Volatility is opportunity and there is no better time to embrace volatility than in a recession. To improve your success trading in a recession we’ve compiled a short list that will cover the historical performance of different asset classes, a look into different recessions, and strategies that could be implemented during a downturn.
Know your markets
Know your recession and recession history
What is a Recession?
Before we dive further into the markets and strategies, let’s first understand the broad strokes of a recession and what it really means.
The term “recession” is generally applied when two consecutive quarters of negative GDP growth are reported, dubbed a “technical recession.” However, this can often be myopic and not encapsulate the entire economic environment. Unemployment, consumer spending, and lending accessibility are just some of the other indicators that help convey when an actual recession has occurred. Overall, there should be a general decline in overall economic activity.
In the US, the National Bureau of Economic Research (NBER) is the authority in determining a recession. They define it as: “a significant decline in economic activity that is spread across the economy and that lasts more than a few months.”  Therefore despite the US reporting two negative quarters of growth in 2022, the Whitehouse issued a blog stating they are, in fact, not in a recession. 
Regardless, when you see a general decline in economic activity, being prepared and able to adapt your strategy on the fly will largely determine your success as a trader when market conditions change.
Overview of Business Cycle Phases (Source)
So what does this means for the markets?
Most know that in recession-like conditions, people become more risk-averse. We’ve seen this all throughout 2022. Risk-on assets like crypto, high-growth tech stocks, and speculative assets plummet, and safe havens currencies and assets rise.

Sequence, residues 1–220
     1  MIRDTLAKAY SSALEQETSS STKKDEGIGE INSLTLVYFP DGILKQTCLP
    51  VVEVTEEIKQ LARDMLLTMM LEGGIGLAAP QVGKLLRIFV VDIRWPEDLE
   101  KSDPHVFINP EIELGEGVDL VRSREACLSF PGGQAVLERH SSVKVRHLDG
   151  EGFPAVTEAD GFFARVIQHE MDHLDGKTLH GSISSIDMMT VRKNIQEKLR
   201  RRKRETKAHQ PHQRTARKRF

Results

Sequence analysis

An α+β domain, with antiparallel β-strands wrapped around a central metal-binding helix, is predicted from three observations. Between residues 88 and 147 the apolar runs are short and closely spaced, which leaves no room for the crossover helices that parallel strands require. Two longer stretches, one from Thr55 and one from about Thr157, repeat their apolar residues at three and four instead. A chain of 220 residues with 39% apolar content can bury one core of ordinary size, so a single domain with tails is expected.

Selected Tech Stock Declines, Jan 2021 – Feb 2022
BTC/USD Oct 2021 - July 2022
In terms of forex, we’ll find that the demand for a currency will still largely be determined by the economic state of the issuing country/region. We’ll see strong economies and trusted currencies that the market believes can weather a recession rise or remain stable, and economies that are more susceptible to a severe fallout decline.
Know Your Markets
Most traders will not trade every market, so the first thing to understand in a recession is how your asset class has historically acted in an economic downturn. We all know that past performance is not an indication of future performance, but as the saying goes, “history doesn’t repeat, but it often rhymes,” so let’s first look at how different asset classes have historically performed.
Know your markets: Forex
Forex is not like other asset classes. Forex is to an economy as oil is to a car engine. It keeps the engine functioning but is not necessarily the gas that makes it go. Unlike an overall stock crash, in a recession we’ll see certain currencies shine. The main thing to look at is a country’s strength in a recession and how much it is seen as a “safe haven”.
For example, in the first half of 2022, as recession fears were reaching a fever-pitch, we saw great strength in the USD. This is because most traders have greater trust in the US Dollar and confidence in the US economy, despite the US experiencing severe inflation and stagflation concerns.
DXY Oct 2021 - Jul 2022
Similarly, you’ll likely see emerging market currencies crash in a global recession as they are more vulnerable to economic downturns. This is further backed up by JP Morgan, who calculated that emerging market currencies drop by an average of 17% over a two-year period from the start of a recession.  Even G10 countries can be affected, as JP Morgan also estimated that the New Zealand dollar loses 7-8% in times of a recession.
AUD/USD collapse during COVID recession (March 2020)
In terms of the strongest currencies, these have traditionally been:
Putting a particular spotlight on the US dollar, as the world’s default currency, we’ll often find banks buy USD when they (and companies) deleverage. We saw this already in the DXY when recession fears were very much at the forefront of the market’s mind both in 2022 and 2008.
DXY Nov 2008 – Mar 2009